Marsupials are not just a different family, like primates or canids, but a whole different category. While the placental mammals, which are the ones we normally see around, give birth to live young, and suckle them till they grow older, the marsupials give birth even earlier. The tiny fetus stays inside the mother’s pouch until it’s old enough to come out.
Just like the placental mammals include anteaters, flying squirrels and wolves, so the marsupials have numbats, gliding possums, and the Tasmanian tiger. Except that the Tasmanian tiger is now extinct.
For years, the pace of evolution in Australia has been the pace of continental drift. Australia was not so impacted by the Ice Ages that hit the Northern Hemisphere and caused many species to die out, allowing new ones to take their place. A 2010 study found that frogs in the Southern Hemisphere have, on average, been around for 4.6 million years, while those in the Northern Hemisphere are only 2.9 million years old. Probably because they were wiped out and had to re-evolve many times.
Meanwhile, in Australia, new species came only very slowly as the land drifted, and not so much due to extinctions and re-evolving. But in slowing down, it seems, Australian species are also forgetting how to adapt. For a long time, rats and bats were the only outside, non-marsupial species in Australia, entering from outside as the continental drift created new connections.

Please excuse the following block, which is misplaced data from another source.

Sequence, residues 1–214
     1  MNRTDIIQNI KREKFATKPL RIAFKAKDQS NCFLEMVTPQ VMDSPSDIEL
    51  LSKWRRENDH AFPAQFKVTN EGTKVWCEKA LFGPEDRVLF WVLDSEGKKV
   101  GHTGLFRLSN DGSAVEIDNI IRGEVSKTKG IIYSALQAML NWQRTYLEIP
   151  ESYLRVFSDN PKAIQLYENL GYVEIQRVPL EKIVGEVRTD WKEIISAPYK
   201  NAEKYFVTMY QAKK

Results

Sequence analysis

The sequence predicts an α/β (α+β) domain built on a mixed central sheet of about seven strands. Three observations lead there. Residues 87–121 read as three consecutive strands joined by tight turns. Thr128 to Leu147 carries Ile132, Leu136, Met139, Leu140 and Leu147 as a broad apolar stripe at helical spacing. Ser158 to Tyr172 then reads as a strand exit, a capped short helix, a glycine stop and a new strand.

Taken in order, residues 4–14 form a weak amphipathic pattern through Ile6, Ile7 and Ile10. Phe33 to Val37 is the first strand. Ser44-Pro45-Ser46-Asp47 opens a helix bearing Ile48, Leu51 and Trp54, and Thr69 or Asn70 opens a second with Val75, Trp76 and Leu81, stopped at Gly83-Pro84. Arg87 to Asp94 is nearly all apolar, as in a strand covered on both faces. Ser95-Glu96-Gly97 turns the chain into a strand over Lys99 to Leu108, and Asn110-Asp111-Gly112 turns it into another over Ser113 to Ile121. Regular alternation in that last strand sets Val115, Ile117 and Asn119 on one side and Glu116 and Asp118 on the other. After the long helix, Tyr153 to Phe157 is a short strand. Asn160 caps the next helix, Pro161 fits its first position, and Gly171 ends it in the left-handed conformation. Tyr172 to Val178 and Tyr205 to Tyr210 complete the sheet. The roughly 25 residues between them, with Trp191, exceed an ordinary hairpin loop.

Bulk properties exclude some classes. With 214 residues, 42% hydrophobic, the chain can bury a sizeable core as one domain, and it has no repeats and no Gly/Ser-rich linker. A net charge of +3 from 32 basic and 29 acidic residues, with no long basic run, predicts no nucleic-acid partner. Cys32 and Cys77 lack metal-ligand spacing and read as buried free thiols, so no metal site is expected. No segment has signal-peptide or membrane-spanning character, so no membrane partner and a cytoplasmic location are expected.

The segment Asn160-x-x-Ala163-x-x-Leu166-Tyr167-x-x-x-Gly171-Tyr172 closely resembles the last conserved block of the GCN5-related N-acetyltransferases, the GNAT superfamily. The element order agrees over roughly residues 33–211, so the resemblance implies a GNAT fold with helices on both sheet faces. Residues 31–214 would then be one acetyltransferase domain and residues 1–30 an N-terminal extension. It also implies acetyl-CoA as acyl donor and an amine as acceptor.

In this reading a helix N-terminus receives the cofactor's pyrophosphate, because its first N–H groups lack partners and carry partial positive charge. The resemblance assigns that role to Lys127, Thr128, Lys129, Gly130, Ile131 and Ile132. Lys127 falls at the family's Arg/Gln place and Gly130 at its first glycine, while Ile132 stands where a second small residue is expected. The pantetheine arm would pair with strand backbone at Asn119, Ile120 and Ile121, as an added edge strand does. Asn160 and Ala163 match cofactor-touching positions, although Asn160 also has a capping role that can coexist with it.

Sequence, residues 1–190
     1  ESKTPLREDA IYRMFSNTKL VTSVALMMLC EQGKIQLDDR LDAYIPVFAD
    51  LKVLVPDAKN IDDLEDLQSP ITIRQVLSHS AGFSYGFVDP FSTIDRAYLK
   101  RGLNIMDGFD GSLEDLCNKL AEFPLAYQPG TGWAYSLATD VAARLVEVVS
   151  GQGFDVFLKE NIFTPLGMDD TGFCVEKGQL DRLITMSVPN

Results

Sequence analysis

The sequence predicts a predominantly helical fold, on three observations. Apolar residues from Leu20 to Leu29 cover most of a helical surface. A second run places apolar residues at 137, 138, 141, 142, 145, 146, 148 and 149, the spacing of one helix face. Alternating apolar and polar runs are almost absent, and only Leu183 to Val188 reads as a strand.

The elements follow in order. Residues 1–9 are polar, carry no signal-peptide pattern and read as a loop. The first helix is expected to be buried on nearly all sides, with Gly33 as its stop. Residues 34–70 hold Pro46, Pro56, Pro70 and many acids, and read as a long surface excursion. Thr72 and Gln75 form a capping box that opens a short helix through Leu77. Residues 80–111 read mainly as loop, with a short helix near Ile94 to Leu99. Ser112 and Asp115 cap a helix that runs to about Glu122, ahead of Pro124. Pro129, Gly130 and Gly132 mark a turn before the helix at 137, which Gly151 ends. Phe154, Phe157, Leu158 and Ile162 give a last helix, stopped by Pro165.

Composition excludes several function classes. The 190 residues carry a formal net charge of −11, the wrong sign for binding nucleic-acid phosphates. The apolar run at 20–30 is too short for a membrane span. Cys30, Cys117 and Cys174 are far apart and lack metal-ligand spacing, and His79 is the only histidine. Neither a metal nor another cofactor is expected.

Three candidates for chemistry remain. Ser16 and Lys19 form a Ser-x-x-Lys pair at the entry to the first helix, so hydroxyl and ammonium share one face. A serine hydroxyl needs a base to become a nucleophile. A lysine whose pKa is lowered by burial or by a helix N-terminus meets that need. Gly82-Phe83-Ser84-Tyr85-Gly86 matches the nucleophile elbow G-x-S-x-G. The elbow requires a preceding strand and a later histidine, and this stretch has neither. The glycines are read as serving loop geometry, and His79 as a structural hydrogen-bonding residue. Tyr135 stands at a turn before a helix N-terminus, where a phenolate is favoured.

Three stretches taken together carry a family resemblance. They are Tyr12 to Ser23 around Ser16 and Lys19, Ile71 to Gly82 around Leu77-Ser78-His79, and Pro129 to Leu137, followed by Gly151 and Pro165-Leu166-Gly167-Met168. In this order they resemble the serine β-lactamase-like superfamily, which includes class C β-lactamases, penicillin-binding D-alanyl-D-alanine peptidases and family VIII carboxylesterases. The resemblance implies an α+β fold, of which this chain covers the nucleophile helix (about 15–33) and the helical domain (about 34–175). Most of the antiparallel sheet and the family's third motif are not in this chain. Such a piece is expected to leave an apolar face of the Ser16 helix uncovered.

But now, connections have found a new way to form that is much faster than continental drift: humans.
Starting with the dingo 400 years ago, humans have constantly been introducing new species to Australia. Many of these are fierce competitors to the old species, and many old ones have gone extinct. Is this a disaster for Australia? Maybe it’s just evolution.
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This article was originally published in Sirius #203 27 Sep — 10 Oct 2015 “Australia Drifts”.